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Trendy mantras about 'standing with sex workers' miss grim reality of prostitution

Rachel Moran


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Red light: A prostitute poses at the bar of Berlin’s Artemis brothel. Photo: Getty Images

Red light: A prostitute poses at the bar of Berlin’s Artemis brothel. Photo: Getty Images

Red light: A prostitute poses at the bar of Berlin’s Artemis brothel. Photo: Getty Images

It's right that we should have an open, honest conversation about the sex trade in Ireland, but as the review process draws to a close on Section 4 of the Sexual Offences Act, it's important to remember the bottom line - the Government would be wrong to overturn legislation outlawing the purchase of ­sexual access to human beings.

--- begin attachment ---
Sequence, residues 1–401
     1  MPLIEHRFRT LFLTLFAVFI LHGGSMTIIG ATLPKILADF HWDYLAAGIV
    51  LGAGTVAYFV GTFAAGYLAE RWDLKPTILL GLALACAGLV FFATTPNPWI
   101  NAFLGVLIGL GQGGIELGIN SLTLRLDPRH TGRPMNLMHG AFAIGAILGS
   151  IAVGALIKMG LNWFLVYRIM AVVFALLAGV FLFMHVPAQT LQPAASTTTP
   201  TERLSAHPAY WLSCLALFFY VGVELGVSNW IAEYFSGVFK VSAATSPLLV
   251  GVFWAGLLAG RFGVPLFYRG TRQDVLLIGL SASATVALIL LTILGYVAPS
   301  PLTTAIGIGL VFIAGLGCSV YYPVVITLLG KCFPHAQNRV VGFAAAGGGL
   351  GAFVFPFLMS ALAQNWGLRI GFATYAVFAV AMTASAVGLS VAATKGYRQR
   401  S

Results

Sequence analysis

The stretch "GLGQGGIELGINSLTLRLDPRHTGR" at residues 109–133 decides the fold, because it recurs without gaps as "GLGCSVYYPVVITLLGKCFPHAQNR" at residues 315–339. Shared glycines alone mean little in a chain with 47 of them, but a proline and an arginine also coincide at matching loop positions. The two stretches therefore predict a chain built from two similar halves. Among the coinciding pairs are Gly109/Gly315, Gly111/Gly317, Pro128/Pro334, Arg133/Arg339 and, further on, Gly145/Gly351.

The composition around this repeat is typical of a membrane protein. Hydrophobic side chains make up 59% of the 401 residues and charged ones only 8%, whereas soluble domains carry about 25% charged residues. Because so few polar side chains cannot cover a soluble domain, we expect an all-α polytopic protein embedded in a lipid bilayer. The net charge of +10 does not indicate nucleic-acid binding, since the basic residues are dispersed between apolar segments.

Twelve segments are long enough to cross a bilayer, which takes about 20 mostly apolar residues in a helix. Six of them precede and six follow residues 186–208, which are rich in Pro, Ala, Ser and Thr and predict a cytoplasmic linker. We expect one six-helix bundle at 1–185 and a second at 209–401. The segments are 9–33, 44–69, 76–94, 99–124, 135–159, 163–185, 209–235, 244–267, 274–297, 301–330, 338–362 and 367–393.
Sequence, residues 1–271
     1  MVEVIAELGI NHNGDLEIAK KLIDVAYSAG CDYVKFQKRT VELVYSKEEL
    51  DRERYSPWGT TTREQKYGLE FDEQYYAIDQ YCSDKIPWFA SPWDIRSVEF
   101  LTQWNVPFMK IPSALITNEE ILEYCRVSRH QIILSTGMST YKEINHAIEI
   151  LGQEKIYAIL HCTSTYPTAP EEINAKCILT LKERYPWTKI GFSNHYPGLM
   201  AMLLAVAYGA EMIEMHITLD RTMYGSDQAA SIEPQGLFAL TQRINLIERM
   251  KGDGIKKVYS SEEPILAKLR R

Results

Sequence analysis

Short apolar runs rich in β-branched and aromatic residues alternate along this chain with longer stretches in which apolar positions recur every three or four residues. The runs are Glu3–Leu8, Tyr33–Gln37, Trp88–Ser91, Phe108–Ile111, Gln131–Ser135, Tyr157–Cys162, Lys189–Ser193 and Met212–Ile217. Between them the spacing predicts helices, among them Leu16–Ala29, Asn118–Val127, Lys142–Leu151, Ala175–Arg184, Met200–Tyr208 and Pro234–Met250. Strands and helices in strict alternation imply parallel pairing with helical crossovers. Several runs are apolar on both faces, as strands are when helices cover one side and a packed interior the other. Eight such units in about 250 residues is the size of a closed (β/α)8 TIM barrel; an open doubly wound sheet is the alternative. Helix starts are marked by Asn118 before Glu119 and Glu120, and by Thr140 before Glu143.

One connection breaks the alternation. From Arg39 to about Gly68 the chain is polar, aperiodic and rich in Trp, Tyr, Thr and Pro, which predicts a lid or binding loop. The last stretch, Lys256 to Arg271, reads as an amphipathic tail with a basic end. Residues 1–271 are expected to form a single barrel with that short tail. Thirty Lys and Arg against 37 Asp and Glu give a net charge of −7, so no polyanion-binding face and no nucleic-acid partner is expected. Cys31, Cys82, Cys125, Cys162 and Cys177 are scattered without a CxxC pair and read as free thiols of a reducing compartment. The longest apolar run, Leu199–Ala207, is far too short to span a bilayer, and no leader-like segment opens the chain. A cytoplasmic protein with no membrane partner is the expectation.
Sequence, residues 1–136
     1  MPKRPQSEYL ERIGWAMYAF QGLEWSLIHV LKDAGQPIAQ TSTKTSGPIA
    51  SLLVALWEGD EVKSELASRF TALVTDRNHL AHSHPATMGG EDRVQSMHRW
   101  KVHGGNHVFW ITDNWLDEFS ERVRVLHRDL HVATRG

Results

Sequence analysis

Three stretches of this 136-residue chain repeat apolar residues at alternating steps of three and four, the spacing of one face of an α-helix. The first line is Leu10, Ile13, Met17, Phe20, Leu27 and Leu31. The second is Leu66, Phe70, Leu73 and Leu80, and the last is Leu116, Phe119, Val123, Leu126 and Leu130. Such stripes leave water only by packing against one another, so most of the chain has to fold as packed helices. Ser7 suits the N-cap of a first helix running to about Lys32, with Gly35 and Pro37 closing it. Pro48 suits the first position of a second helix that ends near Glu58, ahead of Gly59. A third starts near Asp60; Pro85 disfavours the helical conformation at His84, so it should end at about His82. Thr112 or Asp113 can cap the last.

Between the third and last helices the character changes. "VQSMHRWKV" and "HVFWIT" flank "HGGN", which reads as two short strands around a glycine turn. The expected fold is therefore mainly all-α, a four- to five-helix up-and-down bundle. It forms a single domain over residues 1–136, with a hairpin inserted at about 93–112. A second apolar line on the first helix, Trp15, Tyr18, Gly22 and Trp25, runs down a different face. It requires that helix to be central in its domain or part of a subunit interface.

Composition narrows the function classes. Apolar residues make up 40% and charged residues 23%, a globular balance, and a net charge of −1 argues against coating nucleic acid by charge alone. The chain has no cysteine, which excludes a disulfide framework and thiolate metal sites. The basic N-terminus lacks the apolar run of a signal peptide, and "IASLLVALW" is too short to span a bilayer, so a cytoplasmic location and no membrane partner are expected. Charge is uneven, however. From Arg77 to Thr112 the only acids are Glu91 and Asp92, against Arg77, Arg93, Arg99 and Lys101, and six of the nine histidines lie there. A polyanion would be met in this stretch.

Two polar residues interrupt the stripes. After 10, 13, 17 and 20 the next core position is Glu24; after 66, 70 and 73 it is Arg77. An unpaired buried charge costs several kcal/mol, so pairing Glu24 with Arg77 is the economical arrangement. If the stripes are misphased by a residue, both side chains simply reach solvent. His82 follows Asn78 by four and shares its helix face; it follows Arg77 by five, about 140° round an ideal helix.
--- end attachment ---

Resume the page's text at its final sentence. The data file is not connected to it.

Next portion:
I have spent nearly a decade campaigning for sexual exploiters to be properly outlawed, in Ireland and abroad. I have been involved in the Turn Off The Red-Light campaign since its initial launch in February 2011. It was a very long and arduous emotional road from there to get the Sexual Offences Act implemented in 2017.

But the journey did not end there. Embedded into the body of the legislation was the pledge to review the law three years after its passing, which brings us up to the present day. This review process has brought out a lot of predictable public conversation, but what was not predictable to me was the level of misinformation centring on what happened during the campaign for the law.